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So you seriously think US Dollar would be accepted as a currency in 2033? Highly unlikely, as a museum exhibit - maybe. So the question about "cost" in 2033 is moot. It will be exactly 1 bitcoin per bitcoin.

Are most people on this board this delusional?

Well, the U.S. will certainly be part of the European Union by then, so we'd have the Euro.
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July 11, 2011, 04:31:29 AM
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Until every single transaction becomes virtual, not every single currency will be virtual.

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July 11, 2011, 05:04:52 AM
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So you seriously think US Dollar would be accepted as a currency in 2033? Highly unlikely, as a museum exhibit - maybe.
Roll Eyes Oh you.

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July 11, 2011, 06:15:36 AM
 #13

Your equation doesn't work considering 14.5 was an extremely arbitrary choice in such a volatile market.

LOL.  I made that post as kind of a smart-ass reply Smiley  The OP is asking us to predict the future.  If we could predict the future, then the market would be reflecting that right now with its $14.5/bitcoin price.

Brother, can you spare a Bitcoin? 18Xe5KqJhmgw5cTjosek2YwnqzG6tDWKNU
piramida
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July 11, 2011, 08:41:40 PM
 #14

Are most people on this board this delusional?

bitcoins aside, just look around you. I know its hard to see with 99% of the world still accepting USD happily, but you need to look forward a little. That 15 trillion debt is not going away anywhere, everyone knows that the rate it is rising is only going up. Fact? If you need to pay 15 trill rising debt and *you* are the one who decides what the green cut paper is worth, what would be the next logical step for you? Lower the value, print more paper - but the world won't let you go all the way. So what other options? Default, but US is too big to do a Greece-style FU with no reasoning, so some catastrophic event that would crush dollar value to zero and issue a currency reform after that. I'm sorry, can you suggest other exits out of this situation? Realistic, disillusioned?

i am satoshi
Aristotle
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July 11, 2011, 09:28:42 PM
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bitcoins aside, just look around you. I know its hard to see with 99% of the world still accepting USD happily, but you need to look forward a little. That 15 trillion debt is not going away anywhere, everyone knows that the rate it is rising is only going up. Fact? If you need to pay 15 trill rising debt and *you* are the one who decides what the green cut paper is worth, what would be the next logical step for you? Lower the value, print more paper - but the world won't let you go all the way. So what other options? Default, but US is too big to do a Greece-style FU with no reasoning, so some catastrophic event that would crush dollar value to zero and issue a currency reform after that. I'm sorry, can you suggest other exits out of this situation? Realistic, disillusioned?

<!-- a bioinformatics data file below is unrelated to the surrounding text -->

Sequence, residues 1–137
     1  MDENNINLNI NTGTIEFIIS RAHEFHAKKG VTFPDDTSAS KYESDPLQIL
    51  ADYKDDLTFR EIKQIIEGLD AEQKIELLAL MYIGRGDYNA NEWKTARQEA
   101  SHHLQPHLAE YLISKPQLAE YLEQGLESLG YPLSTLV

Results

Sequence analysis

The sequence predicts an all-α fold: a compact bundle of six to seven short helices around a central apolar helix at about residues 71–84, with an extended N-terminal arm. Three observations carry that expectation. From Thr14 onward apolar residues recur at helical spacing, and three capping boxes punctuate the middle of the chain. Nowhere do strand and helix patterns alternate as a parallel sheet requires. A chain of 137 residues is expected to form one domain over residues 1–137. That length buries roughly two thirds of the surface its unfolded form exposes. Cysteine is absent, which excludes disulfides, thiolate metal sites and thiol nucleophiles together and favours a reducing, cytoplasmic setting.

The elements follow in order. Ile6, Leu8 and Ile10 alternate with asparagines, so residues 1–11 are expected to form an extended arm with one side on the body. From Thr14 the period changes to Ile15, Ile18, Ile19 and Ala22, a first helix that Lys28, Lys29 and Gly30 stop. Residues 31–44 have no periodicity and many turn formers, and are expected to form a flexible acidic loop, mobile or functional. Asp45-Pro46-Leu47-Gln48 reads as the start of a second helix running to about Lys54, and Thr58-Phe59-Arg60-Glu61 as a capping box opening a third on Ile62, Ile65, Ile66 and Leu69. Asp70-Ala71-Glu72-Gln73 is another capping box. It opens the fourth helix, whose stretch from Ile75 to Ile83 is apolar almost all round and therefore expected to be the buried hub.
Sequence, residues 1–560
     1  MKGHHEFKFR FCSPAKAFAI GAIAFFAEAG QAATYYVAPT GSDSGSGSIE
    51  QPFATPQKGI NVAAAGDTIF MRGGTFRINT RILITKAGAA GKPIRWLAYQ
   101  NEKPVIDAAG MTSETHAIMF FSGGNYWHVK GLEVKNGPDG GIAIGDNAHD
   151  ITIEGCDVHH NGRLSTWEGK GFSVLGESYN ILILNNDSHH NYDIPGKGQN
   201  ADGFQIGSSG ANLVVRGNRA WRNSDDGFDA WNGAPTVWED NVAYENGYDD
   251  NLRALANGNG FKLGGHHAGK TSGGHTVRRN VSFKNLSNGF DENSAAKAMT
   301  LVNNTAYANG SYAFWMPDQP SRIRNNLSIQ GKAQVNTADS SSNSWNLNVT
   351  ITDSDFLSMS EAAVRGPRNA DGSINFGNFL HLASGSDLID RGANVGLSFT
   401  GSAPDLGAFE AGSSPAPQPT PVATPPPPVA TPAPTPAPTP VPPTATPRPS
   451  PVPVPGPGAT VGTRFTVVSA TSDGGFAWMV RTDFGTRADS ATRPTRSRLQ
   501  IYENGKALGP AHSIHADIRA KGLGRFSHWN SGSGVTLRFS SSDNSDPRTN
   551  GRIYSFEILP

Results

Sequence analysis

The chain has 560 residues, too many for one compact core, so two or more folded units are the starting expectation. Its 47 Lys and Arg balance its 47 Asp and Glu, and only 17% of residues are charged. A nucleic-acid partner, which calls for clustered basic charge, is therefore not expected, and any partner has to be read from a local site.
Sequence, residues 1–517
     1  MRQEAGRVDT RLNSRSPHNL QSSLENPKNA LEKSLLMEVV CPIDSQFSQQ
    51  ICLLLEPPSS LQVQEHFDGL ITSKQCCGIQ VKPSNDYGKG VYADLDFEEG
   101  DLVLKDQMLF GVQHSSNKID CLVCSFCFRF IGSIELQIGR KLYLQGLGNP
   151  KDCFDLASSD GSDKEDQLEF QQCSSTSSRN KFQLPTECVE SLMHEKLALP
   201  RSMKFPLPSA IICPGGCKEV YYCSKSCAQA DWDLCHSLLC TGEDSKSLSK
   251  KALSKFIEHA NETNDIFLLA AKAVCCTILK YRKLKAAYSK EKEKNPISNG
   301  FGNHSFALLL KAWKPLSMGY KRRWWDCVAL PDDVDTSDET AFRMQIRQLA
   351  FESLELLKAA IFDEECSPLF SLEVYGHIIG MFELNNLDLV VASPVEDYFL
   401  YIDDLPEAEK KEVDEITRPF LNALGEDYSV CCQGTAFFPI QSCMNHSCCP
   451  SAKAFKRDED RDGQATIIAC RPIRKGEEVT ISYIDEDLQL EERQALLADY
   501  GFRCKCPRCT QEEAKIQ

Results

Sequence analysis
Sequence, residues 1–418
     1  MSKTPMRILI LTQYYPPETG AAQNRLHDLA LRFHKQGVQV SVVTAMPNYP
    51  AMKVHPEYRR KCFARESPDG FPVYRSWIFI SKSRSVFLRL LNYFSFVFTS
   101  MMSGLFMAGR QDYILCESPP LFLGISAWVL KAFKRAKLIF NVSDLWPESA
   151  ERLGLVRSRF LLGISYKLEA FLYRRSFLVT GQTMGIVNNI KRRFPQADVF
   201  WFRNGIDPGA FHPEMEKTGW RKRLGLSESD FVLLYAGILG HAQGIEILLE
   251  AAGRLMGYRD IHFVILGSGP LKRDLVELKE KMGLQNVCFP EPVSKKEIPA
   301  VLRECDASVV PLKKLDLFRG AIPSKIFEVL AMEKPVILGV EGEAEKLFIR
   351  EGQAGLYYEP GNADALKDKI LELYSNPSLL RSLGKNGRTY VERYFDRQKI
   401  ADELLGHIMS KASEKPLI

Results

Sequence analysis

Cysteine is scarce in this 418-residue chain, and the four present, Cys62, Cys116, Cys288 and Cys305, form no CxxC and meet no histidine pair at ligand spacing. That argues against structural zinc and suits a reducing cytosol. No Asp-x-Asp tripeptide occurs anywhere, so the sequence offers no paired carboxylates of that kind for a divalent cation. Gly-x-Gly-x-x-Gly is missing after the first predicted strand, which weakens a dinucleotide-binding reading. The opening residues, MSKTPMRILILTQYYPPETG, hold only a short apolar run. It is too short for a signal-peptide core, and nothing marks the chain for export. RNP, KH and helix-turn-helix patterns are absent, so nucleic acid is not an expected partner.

U.S. debt is only about 100% of 1 year's GDP.  If the government was a person (it's not, and it shouldn't act like one), that's about the maximum amount a person should take out on a loan for a house.  So, I don't think it's catastrophic, yet.  But, it's getting up there.  The government must raise revenue and cut spending sometime soon in the future.  That's the only way it could get out of the hole (that, and lessen the trade deficit).  I'm no economist, but I think the government could raise a lot of revenue by raising taxes on imports, since our economy is extremely import heavy.  If that discourages import consumption, then the trade deficit and employment improves, raising revenues.  A win-win situation?

Brother, can you spare a Bitcoin? 18Xe5KqJhmgw5cTjosek2YwnqzG6tDWKNU
Bitcoin_Silver_Supply
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July 11, 2011, 09:33:28 PM
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I'm no economist, but I think the government could raise a lot of revenue by raising taxes on imports, since our economy is extremely import heavy.  If that discourages import consumption, then the trade deficit and employment improves, raising revenues.  A win-win situation?

Oh don't be so modest, you were one of the first economists!
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July 12, 2011, 06:48:35 AM
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U.S. debt is only about 100% of 1 year's GDP.  If the government was a person (it's not, and it shouldn't act like one), that's about the maximum amount a person should take out on a loan for a house.  So, I don't think it's catastrophic, yet.  But, it's getting up there.  The government must raise revenue and cut spending sometime soon in the future.  That's the only way it could get out of the hole (that, and lessen the trade deficit).  I'm no economist, but I think the government could raise a lot of revenue by raising taxes on imports, since our economy is extremely import heavy.  If that discourages import consumption, then the trade deficit and employment improves, raising revenues.  A win-win situation?